Related Posts

The Good, the Bad, and the Morally Complex:
Sergio Leone’s Once Upon a Time in the West

All the Great, Grand, Glorious Heroes fo the Revolution:
Sergio Leone’s Duck, You Sucker

We All Have It Coming:
Top 5 Westerns

I’m Your Huckleberry:
5 More Top Westerns

I Ain’t Never Been No Hero:
More Great Westerns

It’s Not How You’re Buried That’s Important:
3 Western Coming-of-Age Films

Top Crime Films: Told from the Criminals’ Perspective

Crime, Passion, Ambition, Stupidity:
Darkly Twisted Comedies

Crime, Passion, Absurdity:
More Darkly Twisted Comedies

Share Button

Leave a Comment

Filed under Actors, Classic Films, Film Videos, Films, Films/Movies, Historical Drama, Movies/Films, No Spoilers Review, Official Film Trailers, Official Movie Trailers, Official Trailers, Review, Review/No Spoilers, Violence, Westerns

The Good, the Bad, and the Morally Complex: Sergio Leone’s Once Upon a Time in the West

Share Button

#NoSpoilers

If you know films, you know the work of director Sergio Leone, who is credited with re-inventing the western film genre with his “Spaghetti Westerns,” a sub-genre of Westerns directed by Italians and usually featuring a more graphically violent and morally complex vision of the American Old West. Old West (“Frontier”) stories typically “[exaggerate] the romance, anarchy, and chaotic violence of the [latter half of the 19th century in the American West] for greater dramatic effect.” Without ever having visited the United States or even being able to speak English, Leone, who often co-wrote his films, created western heroes, villains, and films that would change the genre forever. Beginning with his classic A Fistful of Dollars, the first of the Dollars (or Man with No Name) Trilogy starring Clint Eastwood, Leone paid tribute to Hollywood’s westerns while, at the same time, significantly humanizing them.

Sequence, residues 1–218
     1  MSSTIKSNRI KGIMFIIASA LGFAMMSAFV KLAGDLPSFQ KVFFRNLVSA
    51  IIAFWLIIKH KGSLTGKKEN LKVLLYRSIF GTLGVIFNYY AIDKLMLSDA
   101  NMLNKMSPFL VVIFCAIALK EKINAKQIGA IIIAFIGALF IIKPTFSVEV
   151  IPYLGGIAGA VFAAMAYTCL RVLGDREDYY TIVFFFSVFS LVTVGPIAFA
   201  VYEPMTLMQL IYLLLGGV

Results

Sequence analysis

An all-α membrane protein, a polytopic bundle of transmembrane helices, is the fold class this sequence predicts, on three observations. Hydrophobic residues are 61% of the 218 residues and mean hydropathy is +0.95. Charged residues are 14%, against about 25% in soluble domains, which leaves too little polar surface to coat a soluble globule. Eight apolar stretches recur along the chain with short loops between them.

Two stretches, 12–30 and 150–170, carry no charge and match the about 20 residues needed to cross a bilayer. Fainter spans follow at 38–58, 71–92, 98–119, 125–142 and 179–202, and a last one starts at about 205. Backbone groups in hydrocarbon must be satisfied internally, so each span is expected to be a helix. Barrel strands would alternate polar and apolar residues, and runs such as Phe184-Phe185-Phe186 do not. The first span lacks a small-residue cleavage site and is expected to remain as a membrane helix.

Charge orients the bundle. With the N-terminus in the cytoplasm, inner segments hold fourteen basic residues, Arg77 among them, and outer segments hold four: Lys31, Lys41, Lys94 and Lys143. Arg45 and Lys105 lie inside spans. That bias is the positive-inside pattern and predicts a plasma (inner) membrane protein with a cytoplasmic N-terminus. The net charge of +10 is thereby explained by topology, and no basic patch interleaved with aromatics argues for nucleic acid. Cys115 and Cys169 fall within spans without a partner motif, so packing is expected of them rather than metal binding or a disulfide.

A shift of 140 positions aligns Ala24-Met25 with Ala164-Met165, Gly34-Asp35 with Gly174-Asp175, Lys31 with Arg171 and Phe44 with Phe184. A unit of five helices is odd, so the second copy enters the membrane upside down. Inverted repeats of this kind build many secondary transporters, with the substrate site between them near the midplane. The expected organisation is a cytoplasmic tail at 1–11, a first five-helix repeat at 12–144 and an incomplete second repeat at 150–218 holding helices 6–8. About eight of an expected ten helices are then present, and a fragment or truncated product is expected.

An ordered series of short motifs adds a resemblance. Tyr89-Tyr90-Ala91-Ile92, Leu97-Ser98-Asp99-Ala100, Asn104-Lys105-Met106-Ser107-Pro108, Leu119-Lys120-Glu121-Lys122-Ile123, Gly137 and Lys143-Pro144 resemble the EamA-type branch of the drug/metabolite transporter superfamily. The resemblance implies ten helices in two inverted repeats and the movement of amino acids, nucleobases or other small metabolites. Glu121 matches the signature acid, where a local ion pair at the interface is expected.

In Leone westerns, the heroes do not wear white hats, nor the villains, black, as was the Hollywood tradition. Leone’s characters do not wear designer outfits, and, whether heroic or villainous, his characters look dirty, sweat profusely, and rarely shave. Leone’s characters are more well-rounded human beings, with both “good” and “evil” traits, making them more complex and interesting. In fact, it is often difficult to determine which characters are the heroes and which the villains in Leone’s films since all characters are “morally ambiguous… appearing generously compassionate, or nakedly and brutally self-serving, as the situation [demands].” Further, the relationships of all Leone’s characters “[revolve] around power” — not around familial or romantic love — and “retributions [are] emotion-driven rather than conscience-driven.”

In Leone’s Dollars Trilogy — A Fistful of Dollars, A Few Dollars More, and The Good, the Bad, and the Ugly — the protagonist, played in each by Clint Eastwood, doesn’t change, although his violent acts often alter the natures of those around him, making them either more dangerous and desperate, or more reflective and compassionate. In Leone’s second major trilogy of thematically connected films, sometimes called the Once Upon a Time Trilogy — Once Up a Time in the West, Duck, You Sucker (originally titled, Once Upon a Time… the Revolution), a western set in Mexico during its revolution, and Once Upon a Time in America, a crime drama about organized crime in New York — the same actor does not play the major protagonist in every film and the setting is not always the American Old West. Instead of the films’ being somewhat quirky and upbeat, the films in this second trilogy are slower paced and thematically darker.